Mark Ittensohn studied English Literature and Linguistics, Comparative Literature and General History at the University of Zurich, receiving his MA in 2011. He has been the recipient of a full two year research fellowship from the University of Zurich from 2012-2014 (Forschungskredit). Mark has been a sponsored participant at the 2012 Summer School of Criticism and Theory at Cornell University, and he has been a member of the organizing committee for the NASSR 2012 conference in Neuchâtel. Besides conducting PhD-related research, Mark also teaches at the English Department of the University of Zurich. Mark’s fields of interest include British and American Romanticism, specifically the intersection between writing and orality, as well as early nineteenth-century print culture and book history. His PhD thesis under the supervision of Prof. Dr. Angela Esterhammer (University of Toronto) and Prof. Dr. Allen Reddick (Zurich) reads the genre of the frame tale in Anglo-American Romanticism as an allegory on the early nineteenth-century literary field.
PhD Project: The Frame Tale in Anglo-American Romanticism
The aim of my dissertation is to undertake an analysis of the still under-researched genre of the frame tale (‘Rahmenerzählung’) in early nineteenth-century Anglo-American fiction. The frame tale can be defined as a particular genre of narrative fiction consisting of a frame story (such as a story telling session), which binds together multiple sub-narratives within a fictional setting of reciprocal oral exchange. The most famous examples of frame tales in Western literary history are without a doubt The Arabian Nights, Giovanni Boccaccio’s The Decameron, Geoffrey Chaucer’s Canterbury Tales, and the texts of the late-eighteenth- and early-nineteenth-century German genre revival: Johann Wolfang von Goethe’s Unterhaltungen Deutscher Ausgewanderten, Ludwig Tieck’s Phantasus and E.T.A. Hoffmann’s Die Serapionsbrüder. Though often neglected, the early nineteenth-century Anglo-American world, too, saw its share of adaptations of the frame tale. In tracing this genre through the works of John Galt, James Hogg and Washington Irving, my dissertation aims to suggest that these authors’ frame tales emphasize the genre’s mise-en-abyme of narrative exchange in order to comment, metaphorically as well as allegorically, on the conditions of their own genesis within a marketplace for fictional productions. My project will suggest that Romantic appropriations of the frame tale helped writers negotiate their own embeddedness within a fast-changing print culture by presenting an artistically viable way of fictionalizing the early-nineteenth-century literary field.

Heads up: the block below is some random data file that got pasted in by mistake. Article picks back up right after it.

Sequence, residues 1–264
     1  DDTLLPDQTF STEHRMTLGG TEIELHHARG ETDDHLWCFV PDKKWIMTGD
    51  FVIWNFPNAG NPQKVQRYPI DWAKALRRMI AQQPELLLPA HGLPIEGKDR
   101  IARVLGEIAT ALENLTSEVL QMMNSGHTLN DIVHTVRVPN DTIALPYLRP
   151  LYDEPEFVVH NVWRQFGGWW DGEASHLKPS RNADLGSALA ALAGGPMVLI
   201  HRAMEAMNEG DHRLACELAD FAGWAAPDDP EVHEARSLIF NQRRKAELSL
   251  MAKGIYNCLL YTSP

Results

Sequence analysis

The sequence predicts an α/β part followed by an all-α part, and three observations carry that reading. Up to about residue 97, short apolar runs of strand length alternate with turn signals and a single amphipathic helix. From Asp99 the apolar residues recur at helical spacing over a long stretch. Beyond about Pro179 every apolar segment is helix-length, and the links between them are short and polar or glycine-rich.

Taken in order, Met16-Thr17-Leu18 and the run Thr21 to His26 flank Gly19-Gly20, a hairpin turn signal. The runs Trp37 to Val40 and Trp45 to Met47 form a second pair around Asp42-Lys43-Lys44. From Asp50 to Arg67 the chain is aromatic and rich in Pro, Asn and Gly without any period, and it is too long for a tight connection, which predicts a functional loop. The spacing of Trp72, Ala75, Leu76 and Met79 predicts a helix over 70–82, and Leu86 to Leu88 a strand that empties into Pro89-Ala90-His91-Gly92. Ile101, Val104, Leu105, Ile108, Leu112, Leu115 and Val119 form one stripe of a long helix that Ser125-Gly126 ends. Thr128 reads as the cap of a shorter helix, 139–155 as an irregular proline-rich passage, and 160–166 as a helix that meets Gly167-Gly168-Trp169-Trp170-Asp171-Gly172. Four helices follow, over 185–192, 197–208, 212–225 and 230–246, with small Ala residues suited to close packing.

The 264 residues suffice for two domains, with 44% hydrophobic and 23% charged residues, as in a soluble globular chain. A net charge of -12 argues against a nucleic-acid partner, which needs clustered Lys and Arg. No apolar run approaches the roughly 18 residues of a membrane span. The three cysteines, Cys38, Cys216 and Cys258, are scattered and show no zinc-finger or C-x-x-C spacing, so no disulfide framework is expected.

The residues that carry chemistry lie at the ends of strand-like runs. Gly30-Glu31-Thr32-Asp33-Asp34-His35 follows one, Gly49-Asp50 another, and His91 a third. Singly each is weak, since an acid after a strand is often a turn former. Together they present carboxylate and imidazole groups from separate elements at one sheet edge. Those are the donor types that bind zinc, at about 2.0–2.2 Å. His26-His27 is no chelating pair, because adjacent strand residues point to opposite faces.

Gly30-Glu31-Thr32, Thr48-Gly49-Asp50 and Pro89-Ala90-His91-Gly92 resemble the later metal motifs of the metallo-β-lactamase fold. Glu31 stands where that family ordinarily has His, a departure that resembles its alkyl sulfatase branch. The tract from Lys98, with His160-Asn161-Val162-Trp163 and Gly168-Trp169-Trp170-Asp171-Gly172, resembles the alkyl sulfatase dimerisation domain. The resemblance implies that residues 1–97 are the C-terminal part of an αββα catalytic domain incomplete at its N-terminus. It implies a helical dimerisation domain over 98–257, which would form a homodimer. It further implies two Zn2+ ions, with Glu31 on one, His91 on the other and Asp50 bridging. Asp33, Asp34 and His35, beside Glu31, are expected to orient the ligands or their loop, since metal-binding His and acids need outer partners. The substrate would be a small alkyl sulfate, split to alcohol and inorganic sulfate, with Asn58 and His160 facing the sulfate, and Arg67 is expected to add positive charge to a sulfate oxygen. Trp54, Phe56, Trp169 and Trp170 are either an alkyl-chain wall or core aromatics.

Romanticism, short fiction, 19th century print culture, book history, sociology of literature, literature and economics
"'Christening amphibious productions': The Emergence of the Modern Short Story Cycle in Late Romantic Britain", in: Constructing Coherence in the Contemporary British Short Story Cycle. Eds. Florian Kläger and Patrick Gill. Routledge. (forthcoming in 2018).
"Selbstreflexivität in Achim von Arnims Erzählwerk: Überlegungen zur medialen Buchkultur im frühen neunzehnten Jahrhundert", in: Achim von Arnim: Novellen, Isabella von Ägypten. Kaiser Karl des Fünften Erste Jugendliebe. Briefe. Ed. Alexander Markin. Moskau: Ladomir. Translated into Russian by Alexander Markin. (forthcoming in 2017)
"Fictionalizing the Romantic Marketplace: Self-Reflexivity in the Early-Nineteenth-Century Frame Tale." Victoriographies 7:1 (2017).
"A Story Telling and a Story Reading Age": Textuality and Sociability in the Romantic Frame Tale." Studies in Romanticism 55:3 (2016). 393-416.
"Romanticism and the Beyond of Language: Frye and the Wordsworthian Imitation of the Point of Epiphany", in: Educationg the Imagination: Northrop Frye, Past, Present, and Future. Eds. Alan Bewell, Neil ten Kortenaar and Germaine Warkentin. Montreal: McGill-Queens University Press, 2015. 147-163.
With Roxane Barras and Simone Höhn (eds.). Variations 24: Ursprünge/Origines/Origins. Bern: Peter Lang, 2016.